A nuclear-armed North Korea is here to stay

When North Korea announced a couple of weeks ago that it’s putting a moratorium on all missile testings and other nuclear-related activities in exchange for American offer of 250,000 tons of food, the mainstream media called it a breakthrough. Some thought it a sign that the new North Korean leadership wants to return to the negotiation table again, or that the moderate factions are gaining the upper hand in Pyongyang. I think it was merely another ploy to gain short-term concessions.

Secretary of State Hillary Clinton characterized the announcement as a “modest first step in the right direction.” She didn’t say where exactly this right direction leads to, but if she thinks it’s a negotiated denuclearization of the Korean peninsula, I’m afraid she’ll be very disappointed. The fact of the matter is that the North Koreans will never give up their nuclear weapons. At least not through diplomacy.

For the North Korean leadership, nuclear weapons are a vital insurance. The regime in Pyongyang believes that the country would become vulnerable to aggression by the United States and its allies if it gives up these weapons, and it has at least two precedents as basis for its fear: Iraq and Libya. Both countries gave up their nuclear programs after a combination of intense sanctions and diplomacy. Later on, Iraq was invaded by the United States while the Americans helped topple the Qadaffi regime in Libya. For the North Koreans, these are not mere coincidences.

Moreover, nuclear weapons give Pyongyang the leverage to negotiate its way to get food, oil and other forms of assistance from the international community. So much for Juche. This is why the cycle of all negotiations between North Korea and the rest of the world has always been the same: Pyongyang rattles its nuclear sabre, the international community prods Pyongyang to give up its nukes through offers of aid, Pyongyang yields empty promises and token concessions, the international community gives aid, Pyongyang again rattles its nuclear sabre, and so on.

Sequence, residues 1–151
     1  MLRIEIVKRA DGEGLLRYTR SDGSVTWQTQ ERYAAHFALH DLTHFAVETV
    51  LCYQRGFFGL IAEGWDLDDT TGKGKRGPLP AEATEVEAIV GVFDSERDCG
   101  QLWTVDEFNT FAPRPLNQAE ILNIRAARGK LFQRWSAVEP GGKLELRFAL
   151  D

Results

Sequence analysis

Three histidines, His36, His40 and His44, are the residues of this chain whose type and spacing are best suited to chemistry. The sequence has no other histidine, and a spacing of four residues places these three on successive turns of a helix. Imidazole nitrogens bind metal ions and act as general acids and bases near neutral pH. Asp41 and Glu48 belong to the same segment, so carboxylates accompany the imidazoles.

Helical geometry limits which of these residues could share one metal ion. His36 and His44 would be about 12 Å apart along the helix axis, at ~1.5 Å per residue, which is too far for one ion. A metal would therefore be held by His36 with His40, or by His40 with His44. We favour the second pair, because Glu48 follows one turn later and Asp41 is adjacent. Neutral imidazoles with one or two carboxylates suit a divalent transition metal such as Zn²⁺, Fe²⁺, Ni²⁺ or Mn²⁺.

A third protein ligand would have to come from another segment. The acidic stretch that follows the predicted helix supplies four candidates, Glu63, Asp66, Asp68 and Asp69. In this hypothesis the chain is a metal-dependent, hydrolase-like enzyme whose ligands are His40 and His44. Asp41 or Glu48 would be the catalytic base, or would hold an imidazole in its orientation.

For years, the message that the international community has been sending to Pyongyang is that building more nuclear weapons is the surest way to be able to feed its citizens and maintain its million-man army. Both the Clinton and Bush administrations are guilty of sending this message when they appeased the late Kim Jong-il.

It would be naive to think then that the new leadership in Pyongyang is willing to compromise its nuclear deterrent through negotiations. The real reason why North Korea agreed on a moratorium is because the country is in the midst of preparations for a grand and pompous nation-wide celebration of the centenary birthday of the country’s Founder and Eternal President, Kim Il-sung; therefore, it needs vital resources. Moreover, since the regime had declared 2012 as the national Year of Prosperity, it can ill afford another famine. But, again, make no mistake: North Korea will never give up its nuclear weapons.

The United States, South Korea, Japan and other stakeholders must realize that spending too much political capital on denuclearization talks is not the best option. Indeed, zealously pursuing denuclearization in past negotiations have merely propped the regime in Pyongyang up. The inconvenient truth is that denuclearization will never happen unless through force. Unless the world is willing to use force, a nuclear-armed North Korea is here to stay.

Meanwhile, the United States and its allies should re-examine their strategy in any future negotiation. While they must remain publicly committed to denuclearization, their real focus must shift from persuading the North Koreans to give up their nukes towards merely preserving the status quo and making sure they won’t share their nuclear technology with terrorist organizations and other rogue states. Such a shift in focus would make the parties less likely to give too much concessions to the regime in Pyongyang, but it requires policy-makers to be more creative in coming up with effective ways to contain the nuclear crisis within North Korea.


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